For the odd fire on a cool "summer" evening free wood gathered around while out walking is used, tend to have enough that it is seasoned for a least 2 years before use . The pile had got large enough that we did not start on the purchased solid fuel till about a week ago.
G.Harman
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wrote:

though unless things have changed
solid fuel boilers lack the automated control of liquid/gas fuels
tim
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wrote:

I don't know enough about them to comment how reliable they are in service but were there not hopper feed boilers available at one time, possibly still are. Need a fine fuel sold as beans, and wood chip/pellets are a solid fuel at the end of the day even though they may be wrapped in up in some eco description such as Biomass and full automatic boilers are advertised for that. But I would not dispute that once you start into needing reliable automatic fuel feed systems and ash removal the costs would rise considerably and liquid/gas appliances will be easier to maintain and nor ash to dispose of either. My reasons for having a simple system hinge on what is an other wise all electric house means relying on no damage to the overhead lines , rare but some parts around here were off for 3 days about 2 years ago. And I'm able to be around to run the multifuel stove as appropriate which would not be practical for many people who go out to work or like some nearish neighbours who having seen our stove started to think about installing one in a covered over fire place, I discouraged them as being a decade and a half older neither are really up to the manual work required anymore, a point we may well reach ourselves in time of course but we'll cross that bridge when we come to it.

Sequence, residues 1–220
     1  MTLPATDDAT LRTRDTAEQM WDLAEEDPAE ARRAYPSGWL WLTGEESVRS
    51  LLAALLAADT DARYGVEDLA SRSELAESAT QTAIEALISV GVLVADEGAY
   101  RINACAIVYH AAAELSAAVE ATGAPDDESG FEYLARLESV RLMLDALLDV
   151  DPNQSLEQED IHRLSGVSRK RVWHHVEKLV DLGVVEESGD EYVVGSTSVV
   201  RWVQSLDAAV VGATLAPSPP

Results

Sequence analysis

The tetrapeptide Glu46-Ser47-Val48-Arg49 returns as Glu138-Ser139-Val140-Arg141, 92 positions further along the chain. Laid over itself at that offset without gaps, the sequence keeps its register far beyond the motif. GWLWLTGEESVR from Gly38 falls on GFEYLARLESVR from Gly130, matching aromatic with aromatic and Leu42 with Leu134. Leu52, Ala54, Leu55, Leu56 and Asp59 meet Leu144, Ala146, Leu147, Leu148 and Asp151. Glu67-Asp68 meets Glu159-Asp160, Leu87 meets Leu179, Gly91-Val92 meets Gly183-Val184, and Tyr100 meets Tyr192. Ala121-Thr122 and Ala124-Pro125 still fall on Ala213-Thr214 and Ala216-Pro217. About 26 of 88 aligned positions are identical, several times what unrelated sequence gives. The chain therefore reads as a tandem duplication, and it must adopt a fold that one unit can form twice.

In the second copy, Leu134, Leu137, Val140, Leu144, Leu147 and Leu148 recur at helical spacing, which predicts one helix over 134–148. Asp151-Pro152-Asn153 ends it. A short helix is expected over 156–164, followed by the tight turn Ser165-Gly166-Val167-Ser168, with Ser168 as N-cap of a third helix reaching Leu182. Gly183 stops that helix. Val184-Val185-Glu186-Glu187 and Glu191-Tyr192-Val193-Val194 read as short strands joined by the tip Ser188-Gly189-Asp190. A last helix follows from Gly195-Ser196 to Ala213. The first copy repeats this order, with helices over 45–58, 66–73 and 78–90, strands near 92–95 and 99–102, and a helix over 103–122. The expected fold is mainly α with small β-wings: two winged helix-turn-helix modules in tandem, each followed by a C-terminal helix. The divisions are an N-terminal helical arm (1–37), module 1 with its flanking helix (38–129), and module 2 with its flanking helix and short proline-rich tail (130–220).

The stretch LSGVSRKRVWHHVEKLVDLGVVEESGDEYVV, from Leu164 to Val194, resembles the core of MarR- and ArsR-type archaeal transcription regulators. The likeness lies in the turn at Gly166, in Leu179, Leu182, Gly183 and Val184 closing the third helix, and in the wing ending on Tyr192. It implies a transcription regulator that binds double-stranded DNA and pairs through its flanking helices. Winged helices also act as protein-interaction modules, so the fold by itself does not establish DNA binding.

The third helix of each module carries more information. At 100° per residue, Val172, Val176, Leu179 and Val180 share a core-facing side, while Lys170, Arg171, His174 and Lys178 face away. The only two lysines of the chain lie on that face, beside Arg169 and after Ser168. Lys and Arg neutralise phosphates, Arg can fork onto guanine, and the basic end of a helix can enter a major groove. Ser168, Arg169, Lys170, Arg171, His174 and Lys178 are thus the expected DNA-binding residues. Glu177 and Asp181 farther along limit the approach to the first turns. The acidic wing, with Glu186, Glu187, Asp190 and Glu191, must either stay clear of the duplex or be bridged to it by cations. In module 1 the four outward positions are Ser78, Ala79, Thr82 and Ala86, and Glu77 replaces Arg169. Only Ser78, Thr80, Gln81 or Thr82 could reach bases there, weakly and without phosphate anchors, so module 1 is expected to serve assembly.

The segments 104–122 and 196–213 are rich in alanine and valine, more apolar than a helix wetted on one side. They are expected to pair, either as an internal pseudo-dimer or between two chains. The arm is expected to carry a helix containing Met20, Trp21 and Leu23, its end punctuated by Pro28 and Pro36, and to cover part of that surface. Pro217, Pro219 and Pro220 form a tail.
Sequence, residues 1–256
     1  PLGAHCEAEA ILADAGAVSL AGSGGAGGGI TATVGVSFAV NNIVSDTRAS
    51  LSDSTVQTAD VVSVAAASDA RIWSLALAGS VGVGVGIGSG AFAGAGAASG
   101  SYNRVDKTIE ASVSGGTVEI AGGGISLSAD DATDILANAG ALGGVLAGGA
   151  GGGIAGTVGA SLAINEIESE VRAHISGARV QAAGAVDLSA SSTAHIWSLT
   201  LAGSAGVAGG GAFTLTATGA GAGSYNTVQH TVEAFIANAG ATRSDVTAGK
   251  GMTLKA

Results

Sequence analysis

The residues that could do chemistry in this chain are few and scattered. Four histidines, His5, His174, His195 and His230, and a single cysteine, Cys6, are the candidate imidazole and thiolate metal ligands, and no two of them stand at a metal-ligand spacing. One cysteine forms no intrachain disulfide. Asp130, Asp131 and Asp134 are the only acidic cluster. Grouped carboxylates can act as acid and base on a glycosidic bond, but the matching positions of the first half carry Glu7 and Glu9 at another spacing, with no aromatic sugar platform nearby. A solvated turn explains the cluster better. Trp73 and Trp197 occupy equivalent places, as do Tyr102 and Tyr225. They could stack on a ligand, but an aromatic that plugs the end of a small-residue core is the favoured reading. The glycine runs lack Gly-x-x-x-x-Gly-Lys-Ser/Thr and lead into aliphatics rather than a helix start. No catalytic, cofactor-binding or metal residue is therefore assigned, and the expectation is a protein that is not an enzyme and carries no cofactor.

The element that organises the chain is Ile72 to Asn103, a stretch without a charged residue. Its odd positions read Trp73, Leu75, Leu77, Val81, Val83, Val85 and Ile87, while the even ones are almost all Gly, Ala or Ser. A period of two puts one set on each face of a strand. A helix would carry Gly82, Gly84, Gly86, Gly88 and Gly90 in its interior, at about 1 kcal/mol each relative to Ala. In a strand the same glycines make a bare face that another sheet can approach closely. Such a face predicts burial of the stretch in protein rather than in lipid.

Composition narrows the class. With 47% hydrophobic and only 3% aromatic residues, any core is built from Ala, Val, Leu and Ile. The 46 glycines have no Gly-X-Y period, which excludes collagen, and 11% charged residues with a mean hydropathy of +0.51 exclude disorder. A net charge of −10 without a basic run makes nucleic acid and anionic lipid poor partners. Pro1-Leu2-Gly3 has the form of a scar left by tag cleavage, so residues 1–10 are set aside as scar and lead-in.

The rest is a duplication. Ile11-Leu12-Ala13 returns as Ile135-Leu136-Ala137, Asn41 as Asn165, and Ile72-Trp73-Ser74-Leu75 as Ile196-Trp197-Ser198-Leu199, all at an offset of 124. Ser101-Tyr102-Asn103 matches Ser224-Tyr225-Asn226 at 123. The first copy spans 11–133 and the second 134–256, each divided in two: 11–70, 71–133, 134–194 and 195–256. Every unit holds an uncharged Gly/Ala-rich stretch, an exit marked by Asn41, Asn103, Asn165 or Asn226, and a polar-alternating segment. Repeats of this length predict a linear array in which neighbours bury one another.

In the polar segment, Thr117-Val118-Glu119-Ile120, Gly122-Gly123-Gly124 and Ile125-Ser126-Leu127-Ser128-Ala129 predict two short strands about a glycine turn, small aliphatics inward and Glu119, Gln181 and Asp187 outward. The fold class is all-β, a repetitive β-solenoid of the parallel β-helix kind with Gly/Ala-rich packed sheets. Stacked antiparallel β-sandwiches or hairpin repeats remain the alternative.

There is also enough reason I like it as running a stove/fire is just enjoyable and satisfying.
G.Harman